|© UNICEF/ HQ06-0375/Giacomo Pirozzi|
|A boy stands outside the Government of Punjab’s Child Welfare and Protection Bureau in Lahore, capital of Punjab Province. The UNICEF-assisted centre provides food, shelter, educational assistance, psychosocial counselling and family tracing and reunification services to children who live and work on the streets.|
Child trafficking affects children throughout the world, in both industrialized and developing countries. Trafficked children are subjected to prostitution, forced into marriage or illegally adopted; they provide cheap or unpaid labour, work as house servants or beggars, organ donors, are recruited into armed groups and are used for sports. Trafficking exposes children to violence, sexual abuse and HIV infection and violates their rights to be protected, grow up in a family environment and have access to education.
A ‘child victim of trafficking’ is any person under 18 who is recruited, transported, transferred, harboured or received for the purpose of exploitation, either within or outside a country.
Trafficking is a criminal act, shrouded in secrecy. According to the latest estimates available, some 1.2 million children are trafficked worldwide every year. In East Asia and the Pacific, most trafficking is into child prostitution, though some children are also recruited for agricultural and industrial work. In South Asia, trafficking is often related to debt bondage.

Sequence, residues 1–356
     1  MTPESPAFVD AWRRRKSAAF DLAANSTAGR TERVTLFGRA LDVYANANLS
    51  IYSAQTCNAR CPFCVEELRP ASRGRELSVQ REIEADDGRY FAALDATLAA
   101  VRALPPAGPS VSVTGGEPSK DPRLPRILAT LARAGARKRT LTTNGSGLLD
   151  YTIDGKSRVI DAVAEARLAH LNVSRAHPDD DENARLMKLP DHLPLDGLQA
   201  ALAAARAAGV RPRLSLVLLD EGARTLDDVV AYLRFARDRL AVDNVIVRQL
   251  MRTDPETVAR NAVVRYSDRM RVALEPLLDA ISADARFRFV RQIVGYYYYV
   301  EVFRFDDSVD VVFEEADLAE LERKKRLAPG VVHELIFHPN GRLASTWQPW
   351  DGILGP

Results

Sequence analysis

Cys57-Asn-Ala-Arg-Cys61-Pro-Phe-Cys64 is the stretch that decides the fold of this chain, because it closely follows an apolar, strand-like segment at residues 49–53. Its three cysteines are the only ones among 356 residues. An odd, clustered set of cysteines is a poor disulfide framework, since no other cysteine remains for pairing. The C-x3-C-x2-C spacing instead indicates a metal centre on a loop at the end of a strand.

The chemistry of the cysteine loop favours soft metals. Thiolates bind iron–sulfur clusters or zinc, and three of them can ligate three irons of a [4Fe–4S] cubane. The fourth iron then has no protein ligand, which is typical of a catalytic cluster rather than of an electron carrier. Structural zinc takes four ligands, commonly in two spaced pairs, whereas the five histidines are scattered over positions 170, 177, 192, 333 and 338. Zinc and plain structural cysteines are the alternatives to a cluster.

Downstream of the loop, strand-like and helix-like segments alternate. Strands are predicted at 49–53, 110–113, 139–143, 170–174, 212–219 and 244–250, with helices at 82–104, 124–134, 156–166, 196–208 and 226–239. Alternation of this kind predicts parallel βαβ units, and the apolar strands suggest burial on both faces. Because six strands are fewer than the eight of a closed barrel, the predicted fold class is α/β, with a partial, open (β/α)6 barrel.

Trafficking of children links all countries and regions in a web of international crime. Every year, children are smuggled across borders and sold like commodities. Others are trafficked within their home countries, usually from rural to urban areas. Children’s survival and development are threatened, and their rights to education, health and protection are denied.
Trafficking in human beings, one of the most lucrative and fastest growing transnational crimes generates approximately up to $10 billion per year.
The Day of the African Child is celebrated on June 16 in recognition of the day when, in 1976, thousands of black school children in Soweto, South Africa, took to the streets to protest the inferior quality of their education and to demand their right to be taught in their own language. Hundreds of young boys and girls were shot; and in the two weeks of protest that followed, more than 100 people were killed and more than 1,000 were injured.
Related press releases and news notes:
7 November 2005 - UNICEF applauds U.S. ratification of trafficking protocol
9 June 2005 -Benin and Nigeria pledge to fight child trafficking